Thursday, February 21, 2013

Little Improvements

During the Chinese New Year, relatives observed that Calder has improved. If you compare how he behaved the previous years, you would realise it's true. This time round, he could actually stay seated for quite a while. He even went up to relatives on his own to wave and say "hi". Previously he was the very restless boy who went up and down the stairs, who kept visiting the toilets and wanting to close their doors.

Recently, I also noticed that he is able to hold on to the "open" button in the lift to let people in. And he no longer fumbles with the tongue in his shoes. This morning, when he took the folded clothes, I thought he was going to throw them into the laundry basket like he usually does with the used ones.  But he headed for the clothes cabinet instead and actually put the two shirts into the right drawers. And before leaving for school, he felt his bag and exclaimed "handbook!" (I had forgotten to put it in.) I was very impressed with the alertness of mind and ease of communication despite his limited vocabulary.

Little improvements like these remind me to stay hopeful. Though Calder learns much slower than other children, he does learn. After 7 years, he finally calls me "Mommy". After 4 years of training, he finally figured out how to gurgle. Yes, there are a lot more that he doesn't know, but I must believe with patient expectation that he will get there some day.

Tuesday, February 19, 2013

Stress Triggers

If you are to ask me what is the main challenge of bringing up a boy like Calder, it is his emotional instability. Any little thing can upset him. And he spirals out of control readily. My hubby and I tried to identify the triggers to his recent meltdowns and we came up with a few possible causes:


We brought the kids cycling. Hubby wasn’t very keen because he was afraid that Calder would bang into people. Fact is: Calder loves to cycle. He loves speed and would cycle very fast. I am not afraid to bring Calder cycling because though not necessarily careful, he is skillful with his steering. Also because compared to Hubby, I am much more of a risk-taker. On this particular day, the family went out on four bicycles and smoothly completed one round of the jogging track before proceeding as usual to the nearby park. Hubby and I would sit on a bench while the two kids cycle around the park. Because of the wet weather, the ground was slightly wet. Very soon, Calder skidded and fell.  But he got up again and continued cycling around. Hubby was quick to point out how dangerous it was. I decided to give in and end the activity. I told Calder, “Let’s count to 5, then we go home.” I counted to 5 and Calder headed home on his bike. But he became edgy and threw a tantrum back home. This was not really an abrupt stop but to him, unanticipated enough to cause mounting unrest. 


In church, Calder asked for another pao (he loves pao)  so I gave him the third one. He ate it very slowly. My mom observed, “I think he is full already.” So I asked Calder, “Mommy keep this pao, ok? When you are hungry, then we continue eating?” And I kept the half-eaten red-bean-paste pao. But then my mom waved her box of cookies and asked if he wanted some. I ventured, “I thought you said he was full? How could he eat more if he was full?” And she kept the box of cookies. Calder was probably wondering: So do I eat the food or not? And he started getting agitated. Hubby quickly brought him home.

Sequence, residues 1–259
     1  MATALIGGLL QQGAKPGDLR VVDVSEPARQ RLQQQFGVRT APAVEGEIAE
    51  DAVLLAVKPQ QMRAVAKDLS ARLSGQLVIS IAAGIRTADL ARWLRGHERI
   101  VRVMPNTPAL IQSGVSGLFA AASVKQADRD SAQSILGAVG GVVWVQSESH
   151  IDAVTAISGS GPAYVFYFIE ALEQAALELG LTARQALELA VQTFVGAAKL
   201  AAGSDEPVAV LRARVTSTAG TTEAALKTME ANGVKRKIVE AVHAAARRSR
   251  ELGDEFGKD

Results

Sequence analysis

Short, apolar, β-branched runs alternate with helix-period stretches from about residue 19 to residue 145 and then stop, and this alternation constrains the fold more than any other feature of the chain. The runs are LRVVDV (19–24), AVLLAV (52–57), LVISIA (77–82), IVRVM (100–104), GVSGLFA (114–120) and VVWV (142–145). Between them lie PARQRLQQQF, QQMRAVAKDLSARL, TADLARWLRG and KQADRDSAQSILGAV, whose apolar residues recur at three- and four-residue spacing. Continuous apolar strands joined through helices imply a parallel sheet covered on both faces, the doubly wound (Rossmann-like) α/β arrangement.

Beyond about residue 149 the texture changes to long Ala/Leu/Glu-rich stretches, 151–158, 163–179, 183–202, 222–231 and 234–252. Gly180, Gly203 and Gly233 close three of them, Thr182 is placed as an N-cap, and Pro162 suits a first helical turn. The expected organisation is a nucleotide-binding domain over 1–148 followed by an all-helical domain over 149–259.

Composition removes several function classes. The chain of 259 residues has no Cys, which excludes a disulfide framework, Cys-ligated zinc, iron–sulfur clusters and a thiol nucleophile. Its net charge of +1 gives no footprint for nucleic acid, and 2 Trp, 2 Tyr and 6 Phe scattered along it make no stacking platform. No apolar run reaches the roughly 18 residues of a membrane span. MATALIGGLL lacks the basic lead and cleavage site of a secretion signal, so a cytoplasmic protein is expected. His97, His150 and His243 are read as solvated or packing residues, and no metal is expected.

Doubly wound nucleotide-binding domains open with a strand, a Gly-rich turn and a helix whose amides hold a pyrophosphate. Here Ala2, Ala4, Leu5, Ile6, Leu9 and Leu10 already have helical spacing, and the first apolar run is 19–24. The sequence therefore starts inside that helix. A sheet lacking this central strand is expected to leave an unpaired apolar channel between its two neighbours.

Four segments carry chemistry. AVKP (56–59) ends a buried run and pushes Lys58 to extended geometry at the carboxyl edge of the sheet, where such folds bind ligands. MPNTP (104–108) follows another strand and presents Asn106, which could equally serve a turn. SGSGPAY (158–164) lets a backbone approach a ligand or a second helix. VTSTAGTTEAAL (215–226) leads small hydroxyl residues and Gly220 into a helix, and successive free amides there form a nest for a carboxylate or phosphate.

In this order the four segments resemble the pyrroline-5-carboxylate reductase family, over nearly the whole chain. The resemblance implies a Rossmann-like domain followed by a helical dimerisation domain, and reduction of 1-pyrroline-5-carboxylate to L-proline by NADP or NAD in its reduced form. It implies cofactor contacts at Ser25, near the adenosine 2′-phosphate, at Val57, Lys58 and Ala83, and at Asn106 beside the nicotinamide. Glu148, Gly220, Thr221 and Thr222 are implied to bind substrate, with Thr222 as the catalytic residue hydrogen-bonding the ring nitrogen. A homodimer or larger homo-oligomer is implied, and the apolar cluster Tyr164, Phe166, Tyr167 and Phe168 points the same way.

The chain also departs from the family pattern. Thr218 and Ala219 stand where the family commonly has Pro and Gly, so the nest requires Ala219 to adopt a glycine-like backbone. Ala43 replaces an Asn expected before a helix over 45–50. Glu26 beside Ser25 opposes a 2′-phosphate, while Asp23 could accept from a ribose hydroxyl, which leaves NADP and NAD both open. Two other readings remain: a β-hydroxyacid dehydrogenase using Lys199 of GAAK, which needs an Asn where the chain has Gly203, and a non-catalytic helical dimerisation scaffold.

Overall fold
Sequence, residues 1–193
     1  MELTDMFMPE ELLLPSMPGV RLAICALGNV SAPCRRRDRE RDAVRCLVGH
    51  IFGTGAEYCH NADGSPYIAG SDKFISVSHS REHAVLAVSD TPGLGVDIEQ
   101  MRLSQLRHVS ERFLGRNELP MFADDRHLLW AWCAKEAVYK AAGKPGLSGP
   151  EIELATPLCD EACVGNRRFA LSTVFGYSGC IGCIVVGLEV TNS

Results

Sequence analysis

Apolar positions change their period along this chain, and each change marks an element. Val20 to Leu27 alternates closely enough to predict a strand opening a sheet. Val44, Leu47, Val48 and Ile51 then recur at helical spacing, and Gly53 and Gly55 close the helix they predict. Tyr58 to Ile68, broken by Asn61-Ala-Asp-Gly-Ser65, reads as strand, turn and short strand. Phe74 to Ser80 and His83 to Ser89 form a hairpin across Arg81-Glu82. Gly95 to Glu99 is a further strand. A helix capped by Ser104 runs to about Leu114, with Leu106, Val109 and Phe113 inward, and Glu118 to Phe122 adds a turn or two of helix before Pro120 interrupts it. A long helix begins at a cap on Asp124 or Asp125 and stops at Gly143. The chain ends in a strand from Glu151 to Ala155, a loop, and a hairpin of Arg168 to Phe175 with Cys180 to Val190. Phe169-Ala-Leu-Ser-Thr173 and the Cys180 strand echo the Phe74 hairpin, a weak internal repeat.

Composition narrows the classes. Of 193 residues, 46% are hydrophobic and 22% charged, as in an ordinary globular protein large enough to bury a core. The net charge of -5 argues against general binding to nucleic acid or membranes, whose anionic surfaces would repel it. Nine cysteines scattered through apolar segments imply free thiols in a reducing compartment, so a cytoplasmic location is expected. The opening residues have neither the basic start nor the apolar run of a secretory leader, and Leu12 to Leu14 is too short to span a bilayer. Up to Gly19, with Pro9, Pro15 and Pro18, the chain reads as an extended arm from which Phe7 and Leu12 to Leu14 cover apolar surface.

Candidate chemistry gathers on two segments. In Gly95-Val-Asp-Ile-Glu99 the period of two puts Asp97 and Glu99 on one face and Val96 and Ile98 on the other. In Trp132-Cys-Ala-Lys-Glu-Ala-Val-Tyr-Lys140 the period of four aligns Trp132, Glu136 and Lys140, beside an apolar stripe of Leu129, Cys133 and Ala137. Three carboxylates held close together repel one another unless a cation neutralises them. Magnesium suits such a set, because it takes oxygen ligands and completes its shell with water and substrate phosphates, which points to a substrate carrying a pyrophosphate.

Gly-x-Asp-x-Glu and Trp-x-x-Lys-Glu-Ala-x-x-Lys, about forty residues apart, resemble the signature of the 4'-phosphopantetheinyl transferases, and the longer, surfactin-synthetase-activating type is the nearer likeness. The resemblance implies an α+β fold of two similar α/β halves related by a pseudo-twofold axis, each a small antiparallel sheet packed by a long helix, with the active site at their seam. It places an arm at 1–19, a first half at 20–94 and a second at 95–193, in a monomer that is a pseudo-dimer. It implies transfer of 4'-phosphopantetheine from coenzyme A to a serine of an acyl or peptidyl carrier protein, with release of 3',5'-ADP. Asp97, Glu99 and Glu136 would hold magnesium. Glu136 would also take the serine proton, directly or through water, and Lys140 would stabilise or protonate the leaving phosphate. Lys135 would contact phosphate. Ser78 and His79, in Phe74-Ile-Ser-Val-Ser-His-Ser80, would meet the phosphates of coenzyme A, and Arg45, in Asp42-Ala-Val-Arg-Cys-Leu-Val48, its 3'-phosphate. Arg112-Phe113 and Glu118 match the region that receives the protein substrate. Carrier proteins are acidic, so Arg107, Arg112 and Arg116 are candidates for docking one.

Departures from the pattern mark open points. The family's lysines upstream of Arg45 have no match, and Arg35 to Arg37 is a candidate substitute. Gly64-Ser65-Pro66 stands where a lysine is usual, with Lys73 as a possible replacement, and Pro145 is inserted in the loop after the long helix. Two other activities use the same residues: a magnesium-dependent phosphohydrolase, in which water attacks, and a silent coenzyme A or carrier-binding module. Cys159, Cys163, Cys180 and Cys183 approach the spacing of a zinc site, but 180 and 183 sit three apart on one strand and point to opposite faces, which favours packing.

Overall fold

We went to a birthday party yesterday. Calder was happy and kept mentioning “birthday party”. But then he had a meltdown and started yelling and had to be brought home. Hubby and I went over the events and realized that he became upset because we threw away his plate of food when he went to the toilet. He had taken very long to eat those dishes because they were not his favourite. But his recent rule was to finish all his food. We thought we were doing him a favour by removing what he didn’t want to eat. Apparently, to him, keeping to the rule is more important than enjoying his food.

Calder is Autistic


Autism is characterised by three main traits:  
1. Problem in communication
2. Problem in social interaction 
3. Craving for sameness (repetition, routine)

Calder was diagnosed with moderate autism at the age of 3.
At 3 years of age,

1. Calder didn't talk; didn't even respond to his name. 
2. He was often by himself and didn't seem to care for friends.
3. If you give him a toy car, he would turn it over to spin the wheels. He loved to open and close doors, and insisted on taking the same routes.

Calder is now 8 years old.

1. The other day, I asked him: "What is Calder doing?" He said "doing".
2. He doesn't realise it's not normal to go around smelling people's hair.
3. When he eats bread, it must be kaya bread followed by chocolate bread.